Wednesday, August 21, 2019

Looking Back - 2006 Skoll Foundation "Profit for a Purpose"

I'm in the process of updating the web library that I host on the Tutor/Mentor Connection web site and I just opened a link to this 2006 conversation hosted on the Skoll Social Edge Forum (now an archive).

The topic was Profit for a Purpose.

I scrolled through the conversation and found that I'd posted some thoughts. They are still relevant today, so I've re-posted them below.


Thinking of Social Enterprise in three dimensions, not two:


You had many inspiring ideas in your message. One that made me chuckle in agreement was "The private sector uses the term “going concern” which implies an active, dynamic, tap-dancing state also known as survival."

I’ve led a donor-funded(non profit) organization in Chicago for 14 years and when donors ask for a report on accomplishments I always say my first accomplishment is that I’m still in business and able to continue the process of growing from good to great in the coming year. I rely on a wide range of volunteers to supplement an inconsistent flow of dollars.

When I read about the various social enterprise leaders and activities, I see innovative people finding ways to support their own vision for saving the world. The funds they raise from their enterprise support one or a few organizations that do the work they are interested in. The more successful they are, the greater their ability becomes to host forums like this, bringing others together to share ideas.

While this is good, what about the others in the world who do similar work, maybe in different places, and who have not found a way to create a revenue producing enterprise to sustain their vision? What would it take to expand the support generated by one entrepreneur for a single charity, to multiple charities doing the same work, or to multiple charities needed to solve the same problem?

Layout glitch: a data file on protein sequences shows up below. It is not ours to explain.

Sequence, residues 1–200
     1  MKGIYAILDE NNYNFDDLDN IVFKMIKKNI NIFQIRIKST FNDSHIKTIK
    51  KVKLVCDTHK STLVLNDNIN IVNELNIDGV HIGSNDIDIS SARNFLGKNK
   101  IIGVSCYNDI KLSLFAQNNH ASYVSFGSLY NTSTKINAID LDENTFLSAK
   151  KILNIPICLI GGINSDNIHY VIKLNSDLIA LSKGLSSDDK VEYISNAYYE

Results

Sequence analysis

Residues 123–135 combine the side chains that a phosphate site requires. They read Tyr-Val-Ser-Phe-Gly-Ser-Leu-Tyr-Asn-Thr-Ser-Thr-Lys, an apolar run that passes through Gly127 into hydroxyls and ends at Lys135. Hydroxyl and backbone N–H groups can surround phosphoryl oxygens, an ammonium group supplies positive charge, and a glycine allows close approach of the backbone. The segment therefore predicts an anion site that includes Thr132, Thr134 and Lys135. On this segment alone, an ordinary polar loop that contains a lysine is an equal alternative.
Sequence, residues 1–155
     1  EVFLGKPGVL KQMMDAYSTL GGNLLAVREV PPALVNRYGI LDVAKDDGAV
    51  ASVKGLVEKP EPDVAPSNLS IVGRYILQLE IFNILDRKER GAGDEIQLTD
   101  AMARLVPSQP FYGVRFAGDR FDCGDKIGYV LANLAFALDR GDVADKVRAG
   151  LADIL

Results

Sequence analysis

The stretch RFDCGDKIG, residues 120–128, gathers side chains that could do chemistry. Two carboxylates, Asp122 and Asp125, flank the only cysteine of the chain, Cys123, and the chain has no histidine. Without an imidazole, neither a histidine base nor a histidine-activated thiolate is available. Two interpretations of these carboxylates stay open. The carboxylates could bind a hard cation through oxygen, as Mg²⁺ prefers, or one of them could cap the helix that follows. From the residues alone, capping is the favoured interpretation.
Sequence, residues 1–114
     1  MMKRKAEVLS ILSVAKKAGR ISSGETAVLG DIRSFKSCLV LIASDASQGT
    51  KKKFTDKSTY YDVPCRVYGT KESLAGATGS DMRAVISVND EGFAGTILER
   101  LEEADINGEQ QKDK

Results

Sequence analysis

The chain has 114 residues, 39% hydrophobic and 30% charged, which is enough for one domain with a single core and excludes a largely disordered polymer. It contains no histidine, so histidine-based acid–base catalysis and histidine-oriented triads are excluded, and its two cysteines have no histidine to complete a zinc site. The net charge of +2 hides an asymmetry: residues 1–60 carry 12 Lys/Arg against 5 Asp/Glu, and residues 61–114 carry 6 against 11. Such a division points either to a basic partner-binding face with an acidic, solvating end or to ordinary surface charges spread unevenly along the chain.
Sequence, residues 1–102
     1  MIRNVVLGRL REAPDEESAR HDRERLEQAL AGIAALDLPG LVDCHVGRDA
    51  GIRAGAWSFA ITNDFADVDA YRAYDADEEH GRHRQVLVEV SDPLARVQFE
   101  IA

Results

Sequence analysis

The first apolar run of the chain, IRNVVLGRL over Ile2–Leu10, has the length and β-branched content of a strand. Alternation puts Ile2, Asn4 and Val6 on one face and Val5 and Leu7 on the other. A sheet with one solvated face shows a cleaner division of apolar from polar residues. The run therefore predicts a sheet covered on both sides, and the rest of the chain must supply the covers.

Here’s my example. I maintain a database listing 200-300 organizations in the Chicago region that offer various forms of volunteer-based tutoring and/or mentoring. Each is constantly seeking dollars. Mentoring is a long term process, so each needs to find ways to keep kids and volunteers connected for many years.

Most are not running food pantries to pay the bills, and few parents have the funds to pay for services. Thus, most operate in a level of relative poverty, struggling to do good work, and still be in business at the end of each year (survival).

By providing my list of organizations via the Program Locator at at, I make it possible for any business, college, law association, etc. who wants to make the world better by helping inner city kids connect with mentors, and move to jobs, to create a social enterprise that draws dollars, volunteers and other resources to all tutor/mentor programs throughout Chicago on a consistent basis, or to fund just one or a few programs in a single zip code, if they choose. (The Lend A Hand Program at the Chicago Bar Association is an early adopter of this strategy – )

If a few people from every industry who have been successful in making profit, point their profit and their employees and customers, to tutor/mentor programs throughout the city, there will be a better distribution of resources to all programs doing this work, and more programs will have the ability to constantly get better at what they do.